“We’ll need waders, screws, an axe and a chainsaw. Then we’ll get the dogs.”
An old, permanent duck blind that had succumbed to Mother Nature and has laid under water for the last 3 years was to be resurrected. We’d be working in the slough and nowhere near a power source, so we were slightly limited in our options as far as tools were concerned. First off, we’d need to raise the structure. A couple guys using some good, old ‘Merican willpower would need to lift while a rope tied to a rope tied to a cable attached to a winch on the front of a ranger parked across the duck pond provided some power. Like a Phoenix rising from the ashes, the duck blind stood upright once again.
Structurally it seemed sound. Some support sections would need to be replaced, but overall the frame was in good shape, considering the watery slough-bottom it’s called home since 2010. We’d put on a new wall, fix the roof, add supports, build shelves and sink anchor posts. But what got the crew the most excited:
The new dog ramp.
A small hole had been cut for the retrievers, but it sat a couple of feet off the water. Some scrap wood was assembled along with a few boards across for traction and voila: The ramp was complete!
This also presented us with a chance to work the dogs over the water. There was a slight learning curve with the new ramp. Something would need to be added to provide further traction as the dogs would slip and slide there way up. Bumper after bumper would be tossed across the clear water, clogged in places with thick weeds and summer scum. Each dog would happily bound down the ramp, splashing through the slough, as eager as their owners for the upcoming fall season. At times the young labs were confused as they’d all want to jump at the commands given for another dog, but like our first training session, they learned to focus their energy and figured out the program by the end-for the most part.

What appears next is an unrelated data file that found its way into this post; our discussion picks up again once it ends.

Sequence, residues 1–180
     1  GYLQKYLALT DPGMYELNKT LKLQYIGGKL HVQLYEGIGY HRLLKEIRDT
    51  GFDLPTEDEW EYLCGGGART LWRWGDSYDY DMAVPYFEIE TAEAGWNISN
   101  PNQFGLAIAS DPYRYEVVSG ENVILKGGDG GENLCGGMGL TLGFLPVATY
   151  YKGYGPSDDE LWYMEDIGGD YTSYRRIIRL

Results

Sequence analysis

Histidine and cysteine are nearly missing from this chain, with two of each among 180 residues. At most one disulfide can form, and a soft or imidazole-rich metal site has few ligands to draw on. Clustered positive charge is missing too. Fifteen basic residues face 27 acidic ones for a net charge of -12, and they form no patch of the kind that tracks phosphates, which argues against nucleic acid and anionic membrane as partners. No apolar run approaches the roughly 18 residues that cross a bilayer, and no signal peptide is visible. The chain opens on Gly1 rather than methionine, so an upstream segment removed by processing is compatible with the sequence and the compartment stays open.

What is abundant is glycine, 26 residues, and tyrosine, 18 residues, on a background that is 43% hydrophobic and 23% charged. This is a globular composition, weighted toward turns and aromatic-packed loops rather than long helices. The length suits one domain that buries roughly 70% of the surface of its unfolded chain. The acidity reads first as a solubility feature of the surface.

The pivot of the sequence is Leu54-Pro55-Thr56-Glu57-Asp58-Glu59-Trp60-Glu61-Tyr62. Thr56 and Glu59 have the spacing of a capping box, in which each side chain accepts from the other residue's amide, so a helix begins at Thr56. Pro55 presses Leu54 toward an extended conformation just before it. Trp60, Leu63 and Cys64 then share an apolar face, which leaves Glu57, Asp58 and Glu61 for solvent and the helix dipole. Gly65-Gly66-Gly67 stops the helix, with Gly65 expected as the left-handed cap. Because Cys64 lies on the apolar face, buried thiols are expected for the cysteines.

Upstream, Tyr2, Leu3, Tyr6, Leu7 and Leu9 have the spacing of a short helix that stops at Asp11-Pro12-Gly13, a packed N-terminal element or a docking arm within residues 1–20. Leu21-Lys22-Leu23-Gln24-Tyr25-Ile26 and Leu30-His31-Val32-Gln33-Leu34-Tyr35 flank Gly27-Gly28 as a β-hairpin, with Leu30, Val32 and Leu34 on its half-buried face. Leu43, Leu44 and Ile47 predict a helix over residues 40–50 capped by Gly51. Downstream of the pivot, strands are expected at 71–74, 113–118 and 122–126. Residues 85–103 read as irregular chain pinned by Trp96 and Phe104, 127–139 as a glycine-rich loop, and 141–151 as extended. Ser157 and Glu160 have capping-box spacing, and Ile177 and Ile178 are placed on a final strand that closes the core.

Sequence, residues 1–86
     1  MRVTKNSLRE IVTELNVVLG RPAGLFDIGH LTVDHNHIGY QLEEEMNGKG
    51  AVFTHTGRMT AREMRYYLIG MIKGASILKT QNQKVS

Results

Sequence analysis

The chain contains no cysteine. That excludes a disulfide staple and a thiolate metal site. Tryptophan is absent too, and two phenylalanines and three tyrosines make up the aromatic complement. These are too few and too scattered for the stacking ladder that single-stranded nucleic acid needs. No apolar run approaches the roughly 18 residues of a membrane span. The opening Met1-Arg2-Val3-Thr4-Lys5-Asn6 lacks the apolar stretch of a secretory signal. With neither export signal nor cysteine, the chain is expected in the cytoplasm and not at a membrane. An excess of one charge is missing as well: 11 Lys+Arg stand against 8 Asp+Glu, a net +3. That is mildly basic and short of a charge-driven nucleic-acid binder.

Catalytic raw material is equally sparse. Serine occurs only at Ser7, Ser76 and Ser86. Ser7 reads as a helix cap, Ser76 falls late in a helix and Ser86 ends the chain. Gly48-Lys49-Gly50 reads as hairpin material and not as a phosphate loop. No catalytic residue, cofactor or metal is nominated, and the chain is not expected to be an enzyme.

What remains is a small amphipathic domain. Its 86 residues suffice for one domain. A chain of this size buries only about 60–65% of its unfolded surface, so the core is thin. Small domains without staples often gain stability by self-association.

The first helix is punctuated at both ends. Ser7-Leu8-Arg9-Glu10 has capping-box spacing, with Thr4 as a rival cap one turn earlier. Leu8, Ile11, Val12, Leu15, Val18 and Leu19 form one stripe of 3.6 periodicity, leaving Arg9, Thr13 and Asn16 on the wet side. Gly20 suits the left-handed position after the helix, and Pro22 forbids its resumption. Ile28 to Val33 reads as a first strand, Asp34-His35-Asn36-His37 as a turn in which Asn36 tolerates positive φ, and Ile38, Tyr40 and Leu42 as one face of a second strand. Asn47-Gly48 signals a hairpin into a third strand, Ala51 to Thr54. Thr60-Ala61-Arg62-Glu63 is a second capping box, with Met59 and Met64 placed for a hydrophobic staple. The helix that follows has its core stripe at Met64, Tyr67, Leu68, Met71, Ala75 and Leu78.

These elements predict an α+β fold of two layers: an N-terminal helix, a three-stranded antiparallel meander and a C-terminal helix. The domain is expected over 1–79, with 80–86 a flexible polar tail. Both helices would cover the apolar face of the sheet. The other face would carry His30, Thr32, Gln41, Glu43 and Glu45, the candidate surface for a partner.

As with any young dogs, occasionally you need to isolate them from the chaos to work alone. One lab decided too much was going on and appreciated some one-on-one time. Once the frenzied mass calmed down and the other labs were removed, he worked like a champ. That’s what training is all about. Dogs learn like people-in different ways. Sometimes you just need to step back and remove the distractions. Next time out, he’ll be that much better.
Training sessions right now are as important as cleaning your gun. I’ve come to enjoy watching my dog work as much as pulling the trigger. A good dog will make every experience more enjoyable and give you a reliable hunting partner when all your buddies bail. Spending the appropriate amount of time with them now, before the season begins, will ensure that you have bragging rights when everyone starts the friendly banter about how great their dog is. Every owner is always biased, and that’s the way it should be.
What’s your favorite way to train in the summer?